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Book Review: Fog Facts (2005)

Larry Beinhart’s Fog Facts never quite settles on whether it wants to be a Bush-bashing book, a book on the failings of the mainstream media or both. Ultimately, it probably doesn’t matter because there are better efforts out there in each category.

Supposedly, the book’s theme is that there are certain facts or significant news stories that tend to disappear in the fog. Beinhart, a novelist who wrote Wag the Dog and last year’s acclaimed The Librarian, tends to cover a lot of ground already plowed. For example, this slim volume devotes a significant amount of time to Bush’s business background and Cheney’s relationship and actions relating to Halliburton. Virtually all of this has been covered in detail elsewhere. Whether the American public notices or cares is, sadly, a separate issue. Moreover, Beinhart also tends to stretch some contentions almost to the breaking point. One example is the proposition that perhaps the true reason behind Bush’s economic policies is to intentionally bankrupt the federal government.

There are good elements to the work. His discussion of where the money to rebuild Iraq has gone is an example of a story the media has tended to overlook. His analysis of the arguments regarding whether “objective journalism” contributes to the fog and really helps find truth has some merit (although you do pause when he quotes his own work of fiction — The Librarian — as support for part of the argument). He also does a good job of trying to actually examine the Bush administration’s actions and position on torture in light of international and federal law. Yet this discussion also reveals one of the core weaknesses of the work.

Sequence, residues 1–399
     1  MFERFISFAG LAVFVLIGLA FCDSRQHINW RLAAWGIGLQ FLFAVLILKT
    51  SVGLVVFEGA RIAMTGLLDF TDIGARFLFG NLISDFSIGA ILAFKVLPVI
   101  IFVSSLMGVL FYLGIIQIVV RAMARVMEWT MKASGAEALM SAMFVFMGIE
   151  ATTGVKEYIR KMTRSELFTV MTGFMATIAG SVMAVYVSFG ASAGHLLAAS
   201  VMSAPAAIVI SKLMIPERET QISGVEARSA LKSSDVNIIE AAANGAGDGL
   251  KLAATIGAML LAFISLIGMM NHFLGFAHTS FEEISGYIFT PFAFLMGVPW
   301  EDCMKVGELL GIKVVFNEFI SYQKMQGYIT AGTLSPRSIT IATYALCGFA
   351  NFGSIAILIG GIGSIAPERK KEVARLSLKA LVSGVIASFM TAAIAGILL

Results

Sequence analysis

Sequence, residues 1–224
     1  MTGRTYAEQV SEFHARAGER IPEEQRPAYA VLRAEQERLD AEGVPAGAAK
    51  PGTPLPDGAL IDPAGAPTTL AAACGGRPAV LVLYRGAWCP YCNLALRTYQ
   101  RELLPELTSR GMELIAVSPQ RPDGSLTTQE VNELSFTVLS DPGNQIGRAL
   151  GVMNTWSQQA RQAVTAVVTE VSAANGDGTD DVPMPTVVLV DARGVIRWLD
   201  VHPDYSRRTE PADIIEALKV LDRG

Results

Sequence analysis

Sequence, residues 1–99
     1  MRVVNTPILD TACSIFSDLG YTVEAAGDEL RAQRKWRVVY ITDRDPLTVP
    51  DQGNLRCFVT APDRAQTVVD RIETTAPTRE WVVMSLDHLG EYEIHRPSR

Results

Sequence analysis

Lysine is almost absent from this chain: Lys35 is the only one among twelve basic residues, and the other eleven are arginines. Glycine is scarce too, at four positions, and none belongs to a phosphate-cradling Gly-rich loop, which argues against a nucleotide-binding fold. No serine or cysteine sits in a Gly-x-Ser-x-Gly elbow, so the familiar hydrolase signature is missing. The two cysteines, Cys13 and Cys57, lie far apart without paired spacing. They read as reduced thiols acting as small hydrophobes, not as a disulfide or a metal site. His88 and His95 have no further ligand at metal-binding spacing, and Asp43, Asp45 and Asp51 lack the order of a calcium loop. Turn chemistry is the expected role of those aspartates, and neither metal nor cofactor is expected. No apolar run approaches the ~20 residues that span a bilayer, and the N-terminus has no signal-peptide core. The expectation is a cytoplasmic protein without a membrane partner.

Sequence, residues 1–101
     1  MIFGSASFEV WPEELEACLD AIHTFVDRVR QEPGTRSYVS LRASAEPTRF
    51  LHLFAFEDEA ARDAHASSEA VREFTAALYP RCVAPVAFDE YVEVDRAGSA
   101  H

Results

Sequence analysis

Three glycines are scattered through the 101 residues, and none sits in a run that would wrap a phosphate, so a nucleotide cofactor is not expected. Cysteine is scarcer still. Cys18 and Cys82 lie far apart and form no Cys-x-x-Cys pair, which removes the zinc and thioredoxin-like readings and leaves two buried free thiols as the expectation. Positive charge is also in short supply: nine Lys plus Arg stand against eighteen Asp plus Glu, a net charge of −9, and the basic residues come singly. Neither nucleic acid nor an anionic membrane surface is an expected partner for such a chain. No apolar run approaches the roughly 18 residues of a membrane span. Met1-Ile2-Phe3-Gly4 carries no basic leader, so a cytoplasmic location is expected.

The book is littered with typographical errors. This isn’t just the occasional misspelled or omitted word. For example, you have to wonder about any book that makes it into print where the term “principal” as in principal payments on a debt appears properly spelled and then is spelled “principle” in the very next sentence. It isn’t like the editors or proofreaders had time to forget the spelling or the subject.

Such a large number of mistakes raises questions about whether things are typos or flat out errors. Thus, Beinhart says torture is forbidden “by the Constitution of the United States Code, sections 2340 and 2340A.” There is no such thing as the Constitution of the United States Code. There is the Constitution. There is the United States Code. They are separate and distinct sources of law. This error, whether typographical or not, led me to look at the code sections cited. The text Beinhart quotes after this reference appears in the Geneva Convention Against Torture. It does not, however, appear in those code sections. Small errors lead anyone to suspect larger errors and when larger errors exist, it undercuts the credibility of the balance of the book and the arguments it advances.

Beinhart’s skills as a novelist make this a fairly readable book. At the same time, he does have an irritating habit. Sentence fragments. Used a lot. Once in a while? Not so bad. Nearly every chapter? Distracting and annoying.

At bottom, I agree with much of what Beinhart says. Yet stronger works exist. Joe Conason’s Big Lies, Craig Unger’s House of Bush, House of Saud, and the more contemporaneous The Truth (with jokes) by Al Franken come to mind. In the final analysis, readers are better served by such books than this one.


Commercial news, especially television news, is to real news what McDonald’s is to food.

Larry Beinhart, Fog Facts

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